The Town that Dreaded Sundown
Directed by Charles B. Pierce (The Legend of Boggy Creek)
Starring Ben Johnson, Andrew Prine, Dawn Wells
Review by Jordan
The Town that Dreaded Sundown is a standout thriller with historical significance than employs an assortment of filmic techniques with varying levels of success. There are unexpected bouts of slow-motion shooting and attempts at slapstick humour that show its age, but overshadowing these strange inclusions is a feeling of anarchic terror born from a villain whose identity is as much a mystery as his motives.
Released in 1976, two years after Black Christmas introduced the slasher and two years before Halloween defined it, Charles B. Pierce’s film is lawless in its direction and plot, frequently breaking the soon-to-be defined rules of suspense and melding horror with a period setting and documentary like narration to accompany it’s intent on being based on a true American case.
The events take place in 1946, in the small town of Texarkana, Arkansas, where the police are generally overweight, being in the high school concert band is cool and a masked killer is attacking teenagers after dark. With his white cloth face covering and imposing figure he truly is a menacing presence, emitting increasing insanity with fierce, darting eyes that belong to man very unlikely to be caught.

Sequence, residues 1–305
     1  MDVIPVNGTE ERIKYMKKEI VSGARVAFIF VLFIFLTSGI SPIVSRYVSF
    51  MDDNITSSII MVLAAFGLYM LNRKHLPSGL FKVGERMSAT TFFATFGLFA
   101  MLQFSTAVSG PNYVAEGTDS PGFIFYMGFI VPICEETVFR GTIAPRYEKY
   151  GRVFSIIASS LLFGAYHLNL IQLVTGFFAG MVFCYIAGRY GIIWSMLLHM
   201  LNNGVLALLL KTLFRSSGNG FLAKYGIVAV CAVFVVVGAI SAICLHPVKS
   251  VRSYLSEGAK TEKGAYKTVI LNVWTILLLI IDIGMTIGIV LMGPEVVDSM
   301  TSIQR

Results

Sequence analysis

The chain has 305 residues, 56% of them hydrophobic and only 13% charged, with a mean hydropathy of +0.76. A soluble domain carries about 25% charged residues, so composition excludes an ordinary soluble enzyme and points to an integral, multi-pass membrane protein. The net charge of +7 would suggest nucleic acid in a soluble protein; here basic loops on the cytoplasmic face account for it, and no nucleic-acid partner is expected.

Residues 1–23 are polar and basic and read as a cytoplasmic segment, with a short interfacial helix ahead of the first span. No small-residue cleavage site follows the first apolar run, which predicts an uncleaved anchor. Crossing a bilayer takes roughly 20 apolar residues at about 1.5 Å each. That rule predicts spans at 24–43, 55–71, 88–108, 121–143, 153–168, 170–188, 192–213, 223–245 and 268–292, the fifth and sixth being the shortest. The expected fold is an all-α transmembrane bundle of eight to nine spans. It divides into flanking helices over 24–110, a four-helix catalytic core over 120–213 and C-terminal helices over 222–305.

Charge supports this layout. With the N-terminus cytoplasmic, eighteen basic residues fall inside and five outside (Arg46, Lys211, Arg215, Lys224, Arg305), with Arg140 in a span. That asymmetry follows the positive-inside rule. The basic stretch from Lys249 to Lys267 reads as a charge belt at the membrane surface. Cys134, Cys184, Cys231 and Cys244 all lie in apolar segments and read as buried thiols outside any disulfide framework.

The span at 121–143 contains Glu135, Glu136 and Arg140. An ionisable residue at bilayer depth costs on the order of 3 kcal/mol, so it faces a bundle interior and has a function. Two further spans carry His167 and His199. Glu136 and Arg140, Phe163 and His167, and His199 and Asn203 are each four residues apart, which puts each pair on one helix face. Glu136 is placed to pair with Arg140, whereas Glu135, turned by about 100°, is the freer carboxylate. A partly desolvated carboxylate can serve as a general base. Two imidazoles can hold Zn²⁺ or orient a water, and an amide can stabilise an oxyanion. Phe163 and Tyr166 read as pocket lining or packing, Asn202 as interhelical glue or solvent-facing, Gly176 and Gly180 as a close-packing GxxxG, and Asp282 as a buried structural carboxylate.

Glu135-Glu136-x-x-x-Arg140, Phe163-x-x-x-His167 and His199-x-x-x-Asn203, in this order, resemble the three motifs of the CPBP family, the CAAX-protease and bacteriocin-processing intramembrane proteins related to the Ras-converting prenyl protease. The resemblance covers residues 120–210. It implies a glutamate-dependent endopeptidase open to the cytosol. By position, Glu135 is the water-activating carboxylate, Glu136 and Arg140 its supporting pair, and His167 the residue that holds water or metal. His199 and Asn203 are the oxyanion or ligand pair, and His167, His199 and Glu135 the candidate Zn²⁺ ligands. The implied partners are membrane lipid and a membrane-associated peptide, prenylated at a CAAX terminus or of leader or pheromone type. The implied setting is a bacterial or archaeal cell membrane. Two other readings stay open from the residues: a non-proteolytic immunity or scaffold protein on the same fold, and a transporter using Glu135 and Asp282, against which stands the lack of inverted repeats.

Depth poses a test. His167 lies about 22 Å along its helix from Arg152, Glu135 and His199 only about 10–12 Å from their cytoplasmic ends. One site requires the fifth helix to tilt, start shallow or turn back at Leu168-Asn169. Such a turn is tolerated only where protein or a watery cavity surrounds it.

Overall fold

A Texas Ranger is brought in to investigate, helped by the Deputy who was so painfully close to saving the second victims; he concludes that they’re dealing with an anonymous psychopath, who could be any one of them during the day but turns into a madman come sundown every 21 days. This theory is proven true to the audience when during this conversation in a cafeteria, the camera pans down to a nearby diner’s feet as he stands and inconspicuously exits to the street, stating quite clearly that as citizens we can be found ignorant and oblivious of what’s happening around us every day, paying attention only to the headlines and hysteria.
The frenzied and improvisational nature of the crimes committed are creepy (almost unbelievably so when you consider how well trodden this niche in the horror genre has become), especially once the suspected pattern is broken and things begin to escalate in the style of home invasion, and the haunting conclusion is perhaps the defining moment of a film that has long occupied the dusty corner and thoroughly deserves its high definition re-release in time for Halloween.